Austerity Reigns Over Euro Zone as Crisis Deepens

Saying that Europe was facing its “harshest test in decades,” Chancellor Angela Merkel of Germany warned on New Year’s Eve that “next year will no doubt be more difficult than 2011” — a marked change in tone from a year ago, when she praised Germans for “mastering the crisis as no other nation.”

Her blunt message was echoed in Italy, France and Greece, the epicenter of the debt crisis, where Prime Minister Lucas Papademos asked for resolve in seeing reforms through, “so that the sacrifices we have made up to now won’t be in vain.”

While the economic picture in the United States has brightened recently with more upbeat employment figures, Europe remains mired in a slump. Most economists are forecasting a recession for 2012, which will heighten the pressure governments and financial institutions across the Continent are seeing.

Adding to the gloomy outlook is the prospect of a downgrade in France’s sterling credit rating, a move that analysts say could happen early in the new year and have wide-ranging consequences on efforts to stabilize Europe’s finances.

Despite criticism from many economists, though, most European governments are sticking to austerity plans, rejecting the Keynesian approach of economic stimulus favored by Washington after the financial crisis in 2008, in a bid to show investors they are serious about fiscal discipline.

This cycle was evident on Friday, when Spain surprised observers by announcing a larger-than-expected budget gap for 2011 even as the new conservative government there laid out plans to increase property and income taxes in 2012.

Indeed, even in the country where the crisis began, Greece, the cycle of spending cuts, tax increases and contraction has not resulted in a course correction, and the same path now lies in store for much larger economies like those of Italy and Spain.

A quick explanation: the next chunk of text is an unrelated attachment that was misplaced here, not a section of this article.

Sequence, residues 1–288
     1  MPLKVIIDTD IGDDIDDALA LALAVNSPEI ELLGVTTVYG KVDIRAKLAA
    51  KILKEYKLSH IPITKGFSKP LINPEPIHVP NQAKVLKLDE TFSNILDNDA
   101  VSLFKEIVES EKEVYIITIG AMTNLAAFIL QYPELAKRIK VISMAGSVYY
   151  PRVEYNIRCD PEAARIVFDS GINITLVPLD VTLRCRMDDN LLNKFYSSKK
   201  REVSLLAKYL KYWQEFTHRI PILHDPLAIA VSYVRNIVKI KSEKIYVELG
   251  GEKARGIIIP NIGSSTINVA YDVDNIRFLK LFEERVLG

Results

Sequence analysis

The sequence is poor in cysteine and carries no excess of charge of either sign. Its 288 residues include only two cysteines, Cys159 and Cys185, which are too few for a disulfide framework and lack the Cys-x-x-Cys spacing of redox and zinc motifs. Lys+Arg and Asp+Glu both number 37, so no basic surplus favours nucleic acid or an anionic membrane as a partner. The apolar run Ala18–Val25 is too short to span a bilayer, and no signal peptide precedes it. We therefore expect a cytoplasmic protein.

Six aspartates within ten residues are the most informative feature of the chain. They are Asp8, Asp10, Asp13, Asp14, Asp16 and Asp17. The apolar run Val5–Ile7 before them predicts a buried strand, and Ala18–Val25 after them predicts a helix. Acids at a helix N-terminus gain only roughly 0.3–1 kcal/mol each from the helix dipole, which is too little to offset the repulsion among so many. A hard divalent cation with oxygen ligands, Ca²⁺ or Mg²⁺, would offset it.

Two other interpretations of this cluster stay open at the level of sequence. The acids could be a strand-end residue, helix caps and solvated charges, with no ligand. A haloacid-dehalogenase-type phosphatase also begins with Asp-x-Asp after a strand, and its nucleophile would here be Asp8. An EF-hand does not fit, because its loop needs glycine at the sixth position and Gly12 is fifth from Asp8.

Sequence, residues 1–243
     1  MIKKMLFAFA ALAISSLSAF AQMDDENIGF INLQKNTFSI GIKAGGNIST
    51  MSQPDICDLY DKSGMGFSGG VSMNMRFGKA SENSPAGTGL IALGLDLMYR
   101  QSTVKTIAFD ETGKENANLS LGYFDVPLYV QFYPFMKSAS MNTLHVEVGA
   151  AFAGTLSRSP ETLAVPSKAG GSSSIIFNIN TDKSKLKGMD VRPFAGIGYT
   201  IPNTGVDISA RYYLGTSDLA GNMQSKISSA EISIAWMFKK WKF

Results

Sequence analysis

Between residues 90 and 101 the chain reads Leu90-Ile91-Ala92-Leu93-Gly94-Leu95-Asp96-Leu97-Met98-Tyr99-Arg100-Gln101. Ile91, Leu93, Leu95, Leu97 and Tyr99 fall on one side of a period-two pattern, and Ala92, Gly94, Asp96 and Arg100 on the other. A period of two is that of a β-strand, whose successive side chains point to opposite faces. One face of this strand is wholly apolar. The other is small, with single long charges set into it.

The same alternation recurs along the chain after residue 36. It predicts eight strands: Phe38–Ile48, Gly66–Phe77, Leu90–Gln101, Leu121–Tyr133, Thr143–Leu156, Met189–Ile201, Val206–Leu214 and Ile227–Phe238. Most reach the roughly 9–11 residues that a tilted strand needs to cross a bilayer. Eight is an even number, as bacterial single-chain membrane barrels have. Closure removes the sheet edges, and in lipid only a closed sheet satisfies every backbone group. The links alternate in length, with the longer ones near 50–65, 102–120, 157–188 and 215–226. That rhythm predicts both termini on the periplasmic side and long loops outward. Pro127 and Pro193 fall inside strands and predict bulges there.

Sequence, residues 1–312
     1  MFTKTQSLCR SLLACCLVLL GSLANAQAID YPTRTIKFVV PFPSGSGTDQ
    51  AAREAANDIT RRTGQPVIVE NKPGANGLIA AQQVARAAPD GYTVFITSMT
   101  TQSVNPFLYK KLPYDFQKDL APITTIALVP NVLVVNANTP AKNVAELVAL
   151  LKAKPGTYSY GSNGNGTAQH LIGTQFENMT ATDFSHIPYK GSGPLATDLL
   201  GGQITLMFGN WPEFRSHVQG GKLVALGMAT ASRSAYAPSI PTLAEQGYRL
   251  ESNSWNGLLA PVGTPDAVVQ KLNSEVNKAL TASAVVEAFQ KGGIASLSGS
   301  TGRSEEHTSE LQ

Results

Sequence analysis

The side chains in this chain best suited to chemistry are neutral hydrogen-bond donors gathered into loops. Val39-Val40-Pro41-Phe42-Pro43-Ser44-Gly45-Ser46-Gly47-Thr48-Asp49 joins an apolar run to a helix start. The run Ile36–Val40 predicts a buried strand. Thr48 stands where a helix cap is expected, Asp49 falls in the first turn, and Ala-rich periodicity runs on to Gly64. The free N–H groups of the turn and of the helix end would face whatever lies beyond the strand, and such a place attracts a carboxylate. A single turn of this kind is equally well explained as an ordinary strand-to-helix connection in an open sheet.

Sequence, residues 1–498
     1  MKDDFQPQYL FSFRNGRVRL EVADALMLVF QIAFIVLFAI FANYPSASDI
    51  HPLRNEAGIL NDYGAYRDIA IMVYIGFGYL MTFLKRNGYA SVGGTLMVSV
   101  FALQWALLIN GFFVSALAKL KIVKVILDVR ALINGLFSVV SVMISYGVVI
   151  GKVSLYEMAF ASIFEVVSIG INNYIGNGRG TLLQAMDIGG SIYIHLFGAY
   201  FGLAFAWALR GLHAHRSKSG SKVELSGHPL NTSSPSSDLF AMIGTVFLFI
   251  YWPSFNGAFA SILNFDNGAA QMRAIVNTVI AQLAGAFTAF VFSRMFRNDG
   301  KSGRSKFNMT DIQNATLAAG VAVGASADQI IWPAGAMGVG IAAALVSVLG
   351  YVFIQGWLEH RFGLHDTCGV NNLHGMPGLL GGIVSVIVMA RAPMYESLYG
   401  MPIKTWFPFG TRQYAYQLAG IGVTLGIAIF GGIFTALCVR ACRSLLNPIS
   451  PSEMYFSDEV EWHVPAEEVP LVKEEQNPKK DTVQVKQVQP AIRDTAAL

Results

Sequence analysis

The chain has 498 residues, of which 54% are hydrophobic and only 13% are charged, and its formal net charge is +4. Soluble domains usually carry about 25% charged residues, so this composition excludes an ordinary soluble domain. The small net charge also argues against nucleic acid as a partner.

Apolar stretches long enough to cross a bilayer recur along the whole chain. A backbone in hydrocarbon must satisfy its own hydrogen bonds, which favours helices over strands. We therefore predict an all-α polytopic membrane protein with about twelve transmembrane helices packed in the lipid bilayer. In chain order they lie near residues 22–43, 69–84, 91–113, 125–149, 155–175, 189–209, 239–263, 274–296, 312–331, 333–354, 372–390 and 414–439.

“Every government in Europe with the exception of Germany is bending over backwards to prove to the market that they won’t hesitate to do what it takes,” said Charles Wyplosz, a professor of economics at the Graduate Institute of Geneva. “We’re going straight into a wall with this kind of policy. It’s sheer madness.”

Rather than the austerity measures now being imposed, Mr. Wyplosz said he would like to see governments halt the recent tax increases and spending reductions, and instead cut consumption taxes in a bid to encourage consumer spending. More belt-tightening, he said, increases the likelihood that Europe will see a “lost decade” of economic torpor like Japan faced in the 1990s.

In fact, economists and strategists on both sides of the Atlantic have been steadily ratcheting down their growth expectations for 2012.

“Europe is likely to have a meaningful recession in 2012,” said Tobias Levkovich, Citigroup’s chief equity strategist. While Mr. Levkovich does not see that as a significant threat to the bottom line of most American businesses — he estimates that Europe accounts for about 8.5 percent of sales for the typical company in the Standard Poor’s 500-stock index — the psychological effects on global markets will be magnified if political opposition to austerity increases.

“Powerful street protests could bring it back to the front pages,” he said. “We’ve seen episodic crises in Europe over the past two years. It’s a recurring event.” He expects Europe to remain a key worry for investors worldwide in 2012.

Neville Hill, head of European economics at Credit Suisse, expects gross domestic product in the euro zone to shrink by 0.5 percent in 2012, with the worst of the pain being felt in the first quarter. At the same time, borrowing needs will remain elevated, with Italy and Spain planning to raise more than 100 billion euros in the first quarter alone.

“We shouldn’t underestimate the scale of the challenge the euro zone faces in early 2012,” Mr. Hill said. “Italian and Spanish sovereign borrowers are at the foot of the mountain, rather than the top. The first quarter is a crunch point.”

The Continent’s economic outlook will take center stage on Jan. 9, when Mrs. Merkel and President Nicolas Sarkozy of France will discuss a new fiscal treaty intended to impose stringent budget requirements on European Union nations. Then on Jan. 30, European Union leaders will gather in Brussels to discuss ways to spur growth.

Melissa Eddy contributed reporting.

Article source: http://feeds.nytimes.com/click.phdo?i=e6727ada341b6eada5afbbbc643dffe9